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My Size Is None Of Your Business

Contrary to popular belief, the skinny life is far from perfect.

My Size Is None Of Your Business
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I'll say it first: I am skinny.

Stick thin, with bones more visible than average. I get questions about modeling often. "Do you model? No? You should! You're so skinny!" I won't lie, usually I don't mind the positive remarks. At least, I believe most people mean it in a complimentary way. However, why is "skinny" really a compliment? Who decided that being skinny is more beautiful than being fat? Body weight is extremely hard to change, so why does society translate comments on weight into "thin" compliments and fat insults?

I've been thin my entire life. Both my mother and father passed down DNA to me that made me genetically predisposed to having a small figure. While growing up, I received compliments about my body often, even though I never understood why I should be praised for something that I was born with. I was never complimented for my intelligence, sense of humor, determination or strength. Most compliments that I received, even today, are directed only towards the things I was born with instead of my character. I've always much rather receive praise on something that I've built or worked hard to have. Those are the type of compliments that mean the most.

It is common to think that people who have a small figure are perfect or the most-liked by their peers. I wish I could tell you that that was the case. Just like compliments, I've also received many insults. Anyone who is skinny have heard these phrases all too often.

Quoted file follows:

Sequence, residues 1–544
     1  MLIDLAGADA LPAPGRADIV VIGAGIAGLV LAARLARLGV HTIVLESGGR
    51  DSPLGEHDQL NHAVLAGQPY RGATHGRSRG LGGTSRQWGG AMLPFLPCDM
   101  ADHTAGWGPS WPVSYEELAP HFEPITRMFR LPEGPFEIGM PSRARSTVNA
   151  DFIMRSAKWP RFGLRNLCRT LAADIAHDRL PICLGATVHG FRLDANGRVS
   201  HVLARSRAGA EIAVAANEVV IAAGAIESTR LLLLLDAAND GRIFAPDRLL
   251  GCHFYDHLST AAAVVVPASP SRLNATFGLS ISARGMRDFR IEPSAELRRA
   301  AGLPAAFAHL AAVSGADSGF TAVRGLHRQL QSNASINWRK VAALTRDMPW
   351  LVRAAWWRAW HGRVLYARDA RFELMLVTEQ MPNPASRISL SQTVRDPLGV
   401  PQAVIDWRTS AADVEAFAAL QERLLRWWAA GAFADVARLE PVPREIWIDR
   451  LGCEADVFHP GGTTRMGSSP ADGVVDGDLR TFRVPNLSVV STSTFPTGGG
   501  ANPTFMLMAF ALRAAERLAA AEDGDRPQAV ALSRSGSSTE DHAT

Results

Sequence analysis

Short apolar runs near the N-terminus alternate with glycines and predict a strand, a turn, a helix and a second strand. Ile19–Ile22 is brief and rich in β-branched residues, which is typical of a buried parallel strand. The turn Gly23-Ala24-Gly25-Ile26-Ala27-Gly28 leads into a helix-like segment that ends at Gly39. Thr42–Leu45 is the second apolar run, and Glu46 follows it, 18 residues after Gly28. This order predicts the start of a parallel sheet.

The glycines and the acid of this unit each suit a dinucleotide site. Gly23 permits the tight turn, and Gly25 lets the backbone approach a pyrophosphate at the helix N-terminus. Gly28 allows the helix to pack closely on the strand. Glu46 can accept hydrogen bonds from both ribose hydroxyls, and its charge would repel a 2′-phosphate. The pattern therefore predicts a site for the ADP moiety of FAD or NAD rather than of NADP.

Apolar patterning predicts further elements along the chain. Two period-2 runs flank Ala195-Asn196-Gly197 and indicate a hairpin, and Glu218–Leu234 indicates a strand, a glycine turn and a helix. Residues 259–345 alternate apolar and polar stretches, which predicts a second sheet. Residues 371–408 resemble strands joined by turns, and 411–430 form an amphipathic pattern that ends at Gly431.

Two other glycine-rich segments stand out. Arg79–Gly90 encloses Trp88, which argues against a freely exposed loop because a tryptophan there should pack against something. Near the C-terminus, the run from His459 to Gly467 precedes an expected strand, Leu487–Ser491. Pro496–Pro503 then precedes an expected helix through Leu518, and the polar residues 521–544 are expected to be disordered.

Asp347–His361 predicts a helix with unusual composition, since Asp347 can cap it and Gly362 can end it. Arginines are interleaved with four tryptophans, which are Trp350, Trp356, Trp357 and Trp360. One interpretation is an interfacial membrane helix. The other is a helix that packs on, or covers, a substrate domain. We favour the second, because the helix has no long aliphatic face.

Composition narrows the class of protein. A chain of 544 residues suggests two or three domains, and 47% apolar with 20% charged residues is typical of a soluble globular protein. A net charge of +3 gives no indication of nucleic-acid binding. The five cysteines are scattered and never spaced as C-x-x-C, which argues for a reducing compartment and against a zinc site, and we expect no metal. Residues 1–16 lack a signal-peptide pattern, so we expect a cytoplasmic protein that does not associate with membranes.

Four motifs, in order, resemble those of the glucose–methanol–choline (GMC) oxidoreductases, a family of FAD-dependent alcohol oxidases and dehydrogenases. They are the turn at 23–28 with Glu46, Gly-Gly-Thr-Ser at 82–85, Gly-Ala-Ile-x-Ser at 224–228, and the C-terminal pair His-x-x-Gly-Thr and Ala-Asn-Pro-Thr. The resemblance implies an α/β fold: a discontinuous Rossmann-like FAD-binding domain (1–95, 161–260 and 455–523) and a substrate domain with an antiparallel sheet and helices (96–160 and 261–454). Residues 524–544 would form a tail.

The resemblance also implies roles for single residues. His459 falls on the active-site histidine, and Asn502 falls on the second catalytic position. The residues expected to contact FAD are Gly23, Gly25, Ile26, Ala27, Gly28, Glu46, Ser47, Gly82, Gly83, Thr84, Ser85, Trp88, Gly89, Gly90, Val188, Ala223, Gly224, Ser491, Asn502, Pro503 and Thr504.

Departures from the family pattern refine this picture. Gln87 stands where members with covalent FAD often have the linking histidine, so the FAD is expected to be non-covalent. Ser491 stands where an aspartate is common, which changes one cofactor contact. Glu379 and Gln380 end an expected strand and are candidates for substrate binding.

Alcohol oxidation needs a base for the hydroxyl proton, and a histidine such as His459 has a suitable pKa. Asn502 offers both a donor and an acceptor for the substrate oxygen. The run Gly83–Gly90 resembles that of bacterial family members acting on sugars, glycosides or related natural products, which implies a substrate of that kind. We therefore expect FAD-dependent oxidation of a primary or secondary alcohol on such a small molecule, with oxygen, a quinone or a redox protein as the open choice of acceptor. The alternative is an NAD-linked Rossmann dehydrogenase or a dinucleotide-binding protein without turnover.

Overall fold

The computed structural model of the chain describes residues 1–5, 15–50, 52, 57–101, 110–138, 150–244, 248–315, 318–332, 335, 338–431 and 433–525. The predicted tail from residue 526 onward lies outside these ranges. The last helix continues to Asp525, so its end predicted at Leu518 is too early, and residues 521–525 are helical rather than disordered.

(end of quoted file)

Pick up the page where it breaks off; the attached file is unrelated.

"Do you even eat?"

"Are you anorexic?"

"Girl you need to eat more!"

"You're just skin and bones!"

"You look like a twig; I could break you too easily!"

I could go on, but I'd rather address another question that skinny people receive all the time: "How much do you weigh?" Here we go, a question that NO ONE feels comfortable answering. I don't get why some people think it's okay to ask a skinny person that question, when it's downright rude to ask a fat person. Just avoid the question; it's not that hard.

The modeling question, although a friendly remark, can also be annoying. No, I don't model and no, I do not want to model. Why? Because the world doesn't need another skinny, blonde person on the cover of a magazine. I grew up in a diverse community, and I'm a strong advocate for inclusion. A model is suppose to reach to a widespread, diverse audience, much like the one we have in the United States. That's why modeling agencies need a wider variety of models, including minorities and plus-sized people. Also, I don't want a little girl to look up to me and say "I want to look just like her!" or hate her body and herself because she is not as naturally small as me. I would rather have a plus-sized model than myself.

Stop shaming others for something they can't control. Start complimenting people for their accomplishments and the things they're actually proud about. It's 2018 and diversity is celebrated more now than ever before. Let's finally move past this age-old debate about body weight and start celebrating the beauty of how different we are!

Because the things that define us are the things that make us beautiful.

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This article has not been reviewed by Odyssey HQ and solely reflects the ideas and opinions of the creator.

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